Take the 2-minute tour ×
Stack Overflow is a question and answer site for professional and enthusiast programmers. It's 100% free, no registration required.

I have some code which adds a few objects to a vector. I then wish to retrieve a specific object from the vector and be able to both write out and edit its private member variables.

This is the code I currently have:

class Product {
    Product(int n, const string& na, int p)
            : number(n), name(na), price(p) {};
    void info() const;
    string name;
    int number, price;

The member function looks like this:

void Product::info() const {
    cout << number << ". " << name << " " price << endl;

I then create a vector and push into it some objects, like so:

vector<Product> range;
range.push_back(Product(1, "Bagpipe", 25));

To retrieve and list the information about all objects, I have the following function:

void listProducts (const vector<Product>& range1) {
    for_each (range1.begin(), range1.end(), mem_fun_ref(&Product::info));

But this is where I get stuck.

To boil my problem down: I have no idea how to retrieve individual objects from the vector and edit them. I need to be able to search my vector for objects containing a specific number or name, and be able to retrieve either the information about all its private members, and also be able to edit all members.

Ideas I have about solutions thusfar are:

  • to create additional member functions that can return individual members

  • to create functions that, similar to the function I already have above, can search through each object in the vector and use the return from these additional member functions to compare with what I'm looking for

  • I don't quite know how I would go about editing an objects private members, but my current guess is that I would need members functions for this as well, and functions that tie in to those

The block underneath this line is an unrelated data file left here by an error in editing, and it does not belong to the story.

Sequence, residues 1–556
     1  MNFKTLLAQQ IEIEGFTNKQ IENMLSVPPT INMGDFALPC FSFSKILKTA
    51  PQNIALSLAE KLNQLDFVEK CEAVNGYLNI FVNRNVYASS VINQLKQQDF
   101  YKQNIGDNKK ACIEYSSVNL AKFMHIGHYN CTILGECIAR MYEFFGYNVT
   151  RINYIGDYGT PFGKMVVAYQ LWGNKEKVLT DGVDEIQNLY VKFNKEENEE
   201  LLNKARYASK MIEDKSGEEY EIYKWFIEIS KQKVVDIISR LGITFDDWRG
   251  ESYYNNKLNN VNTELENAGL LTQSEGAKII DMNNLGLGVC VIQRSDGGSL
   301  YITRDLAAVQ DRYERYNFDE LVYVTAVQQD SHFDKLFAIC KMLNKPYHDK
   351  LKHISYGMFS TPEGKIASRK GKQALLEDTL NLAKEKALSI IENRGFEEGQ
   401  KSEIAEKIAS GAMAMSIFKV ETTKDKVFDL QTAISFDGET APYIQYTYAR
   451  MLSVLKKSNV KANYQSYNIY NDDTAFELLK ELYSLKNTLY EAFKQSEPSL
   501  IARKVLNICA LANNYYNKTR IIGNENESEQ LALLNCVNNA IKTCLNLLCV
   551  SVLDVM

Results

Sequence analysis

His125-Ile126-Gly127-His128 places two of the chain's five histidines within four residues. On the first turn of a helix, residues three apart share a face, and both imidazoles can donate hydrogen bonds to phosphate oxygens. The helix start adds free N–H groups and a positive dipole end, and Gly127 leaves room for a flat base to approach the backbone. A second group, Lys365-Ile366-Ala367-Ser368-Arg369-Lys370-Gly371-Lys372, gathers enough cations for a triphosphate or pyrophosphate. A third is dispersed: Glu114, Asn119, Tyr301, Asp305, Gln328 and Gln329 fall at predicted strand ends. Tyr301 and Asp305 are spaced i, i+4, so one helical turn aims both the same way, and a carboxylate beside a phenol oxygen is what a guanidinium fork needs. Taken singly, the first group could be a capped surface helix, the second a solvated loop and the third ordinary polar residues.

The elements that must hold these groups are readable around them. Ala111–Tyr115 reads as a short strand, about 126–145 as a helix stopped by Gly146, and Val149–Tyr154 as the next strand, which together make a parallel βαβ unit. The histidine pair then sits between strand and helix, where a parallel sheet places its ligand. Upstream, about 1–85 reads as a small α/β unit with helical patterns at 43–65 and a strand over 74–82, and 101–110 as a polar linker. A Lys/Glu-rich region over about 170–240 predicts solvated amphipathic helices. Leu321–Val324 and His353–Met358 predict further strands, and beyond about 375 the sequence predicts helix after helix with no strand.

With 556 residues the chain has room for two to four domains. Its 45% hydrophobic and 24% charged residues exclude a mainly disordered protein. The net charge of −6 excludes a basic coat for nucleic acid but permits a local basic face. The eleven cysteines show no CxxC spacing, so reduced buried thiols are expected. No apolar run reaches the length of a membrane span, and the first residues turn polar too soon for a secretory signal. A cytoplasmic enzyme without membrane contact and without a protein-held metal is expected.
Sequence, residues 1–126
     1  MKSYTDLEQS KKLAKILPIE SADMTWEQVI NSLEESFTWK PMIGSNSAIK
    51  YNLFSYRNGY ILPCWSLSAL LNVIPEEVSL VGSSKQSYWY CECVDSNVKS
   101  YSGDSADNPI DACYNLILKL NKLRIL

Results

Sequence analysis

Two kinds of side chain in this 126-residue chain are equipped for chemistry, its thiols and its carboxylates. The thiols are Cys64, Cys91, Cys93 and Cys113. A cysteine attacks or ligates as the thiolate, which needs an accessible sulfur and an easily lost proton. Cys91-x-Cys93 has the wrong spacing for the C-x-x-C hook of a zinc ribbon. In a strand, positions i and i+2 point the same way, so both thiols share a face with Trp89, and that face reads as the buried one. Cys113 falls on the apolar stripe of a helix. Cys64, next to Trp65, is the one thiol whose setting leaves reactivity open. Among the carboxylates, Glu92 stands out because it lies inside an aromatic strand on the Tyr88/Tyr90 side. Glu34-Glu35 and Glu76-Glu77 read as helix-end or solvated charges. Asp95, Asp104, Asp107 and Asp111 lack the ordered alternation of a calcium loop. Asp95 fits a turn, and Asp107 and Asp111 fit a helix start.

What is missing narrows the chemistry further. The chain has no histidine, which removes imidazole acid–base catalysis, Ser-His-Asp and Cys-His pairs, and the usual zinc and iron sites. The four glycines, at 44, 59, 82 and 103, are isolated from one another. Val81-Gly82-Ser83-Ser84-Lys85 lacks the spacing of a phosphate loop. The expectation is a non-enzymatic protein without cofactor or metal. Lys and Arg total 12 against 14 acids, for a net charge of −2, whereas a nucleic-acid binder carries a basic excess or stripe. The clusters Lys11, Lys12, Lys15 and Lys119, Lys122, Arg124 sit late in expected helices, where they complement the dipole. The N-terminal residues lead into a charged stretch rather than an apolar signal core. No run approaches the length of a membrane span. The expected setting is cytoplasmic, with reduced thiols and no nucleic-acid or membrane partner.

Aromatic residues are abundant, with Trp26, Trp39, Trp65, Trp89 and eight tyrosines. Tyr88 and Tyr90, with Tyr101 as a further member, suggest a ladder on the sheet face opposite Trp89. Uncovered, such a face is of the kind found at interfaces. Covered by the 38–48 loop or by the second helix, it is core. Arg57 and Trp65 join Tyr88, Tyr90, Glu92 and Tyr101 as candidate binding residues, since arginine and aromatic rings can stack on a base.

Any help would be greatly appreciated! Even vague nudges in the right direction!

share|improve this question
add comment

4 Answers

You can use std:find_if to find items in a vector based on any criteria you wish.

Then you can add a public interface to Product to allow you to update its state as needed. Note that this interface need not be a direct "set this item to this value" mapping.

share|improve this answer
Do you know how and if I could use find_if with the return value from an accessor function as criteria? –  vaent Apr 29 '11 at 21:18
add comment

If the member variables are private, then by definition, you cannot access them from the outside world! You will need to do one of the following:

  • Change them to public.
  • Add accessor functions to the class (i.e. int MyClass::getFoo() const and void MyClass::setFoo(int)).
  • Make your function a friend of the class.

This is nothing to do with being stored in a vector.

share|improve this answer
Say I create three accessor functions the return the value of both number, name and price. I then need a way to call this member function for each object stored in the vector. for_each which I used above doesn't do the job, as I need to compare each value returned. Mark B below suggested find_if, but I can't seem to find a way to use it in conjunction with my accessor functions. Got any further nudges in the right direction? I feel as if I'm so close to an answer, yet so far! –  vaent Apr 29 '11 at 21:17
add comment

Boost.MultiIndex with an index for each searchable field might be easier than using a vector with your own search code.

The Boost Multi-index Containers Library provides a class template named multi_index_container which enables the construction of containers maintaining one or more indices with different sorting and access semantics. Indices provide interfaces similar to those of STL containers, making using them familiar. The concept of multi-indexing over the same collection of elements is borrowed from relational database terminology and allows for the specification of complex data structures in the spirit of multiply indexed relational tables where simple sets and maps are not enough. A wide selection of indices is provided, modeled after analogous STL containers like std::set, std::list and hashed sets.

I also echo comments about private member access in other answers.

share|improve this answer
I really don't think this addresses what the OP is asking about. –  nbt Apr 29 '11 at 18:49
Nope, but it's relevant to the bigger problem OP is trying to solve, which is locating a given Product instance based on different criteria. Quote: I need to be able to search my vector for objects containing a specific number or name –  Steve Townsend Apr 29 '11 at 18:51
add comment

You need to either provide member functions for your Product class that allow the Product properties to be changed OR BETTER replace the Product object in the vector with the results of editing an existing one, but to do that you need to provide accessor functions, or suitable constructors in your Product class.

share|improve this answer
add comment

Your Answer


By posting your answer, you agree to the privacy policy and terms of service.

Not the answer you're looking for? Browse other questions tagged or ask your own question.